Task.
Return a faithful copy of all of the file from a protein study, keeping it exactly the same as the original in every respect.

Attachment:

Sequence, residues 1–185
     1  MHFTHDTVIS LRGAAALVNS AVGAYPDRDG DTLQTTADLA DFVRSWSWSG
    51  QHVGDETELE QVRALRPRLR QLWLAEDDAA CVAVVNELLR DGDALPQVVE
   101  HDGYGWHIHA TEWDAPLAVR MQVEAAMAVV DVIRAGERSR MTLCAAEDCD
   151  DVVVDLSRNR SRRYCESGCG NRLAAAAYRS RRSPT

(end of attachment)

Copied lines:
Sequence, residues 1–185
     1  MHFTHDTVIS LRGAAALVNS AVGAYPDRDG DTLQTTADLA DFVRSWSWSG
    51  QHVGDETELE QVRALRPRLR QLWLAEDDAA CVAVVNELLR DGDALPQVVE
   101  HDGYGWHIHA TEWDAPLAVR MQVEAAMAVV DVIRAGERSR MTLCAAEDCD
   151  DVVVDLSRNR SRRYCESGCG NRLAAAAYRS RRSPT